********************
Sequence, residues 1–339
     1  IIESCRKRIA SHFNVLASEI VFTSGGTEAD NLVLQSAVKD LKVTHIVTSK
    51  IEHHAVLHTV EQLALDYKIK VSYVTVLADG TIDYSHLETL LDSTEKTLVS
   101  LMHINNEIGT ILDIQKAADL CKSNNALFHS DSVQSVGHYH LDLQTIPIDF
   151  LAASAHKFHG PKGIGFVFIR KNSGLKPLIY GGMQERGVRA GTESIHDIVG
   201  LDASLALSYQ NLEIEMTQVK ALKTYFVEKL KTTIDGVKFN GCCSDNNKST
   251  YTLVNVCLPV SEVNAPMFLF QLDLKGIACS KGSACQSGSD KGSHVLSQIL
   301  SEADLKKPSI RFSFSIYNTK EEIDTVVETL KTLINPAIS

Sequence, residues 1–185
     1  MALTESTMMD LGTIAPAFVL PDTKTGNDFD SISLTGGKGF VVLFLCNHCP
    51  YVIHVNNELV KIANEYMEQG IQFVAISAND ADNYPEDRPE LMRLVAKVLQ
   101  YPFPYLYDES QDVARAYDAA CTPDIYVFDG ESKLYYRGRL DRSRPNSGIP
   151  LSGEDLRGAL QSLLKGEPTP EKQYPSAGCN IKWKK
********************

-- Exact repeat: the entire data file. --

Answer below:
Sequence, residues 1–339
     1  IIESCRKRIA SHFNVLASEI VFTSGGTEAD NLVLQSAVKD LKVTHIVTSK
    51  IEHHAVLHTV EQLALDYKIK VSYVTVLADG TIDYSHLETL LDSTEKTLVS
   101  LMHINNEIGT ILDIQKAADL CKSNNALFHS DSVQSVGHYH LDLQTIPIDF
   151  LAASAHKFHG PKGIGFVFIR KNSGLKPLIY GGMQERGVRA GTESIHDIVG
   201  LDASLALSYQ NLEIEMTQVK ALKTYFVEKL KTTIDGVKFN GCCSDNNKST
   251  YTLVNVCLPV SEVNAPMFLF QLDLKGIACS KGSACQSGSD KGSHVLSQIL
   301  SEADLKKPSI RFSFSIYNTK EEIDTVVETL KTLINPAIS

Sequence, residues 1–185
     1  MALTESTMMD LGTIAPAFVL PDTKTGNDFD SISLTGGKGF VVLFLCNHCP
    51  YVIHVNNELV KIANEYMEQG IQFVAISAND ADNYPEDRPE LMRLVAKVLQ
   101  YPFPYLYDES QDVARAYDAA CTPDIYVFDG ESKLYYRGRL DRSRPNSGIP
   151  LSGEDLRGAL QSLLKGEPTP EKQYPSAGCN IKWKK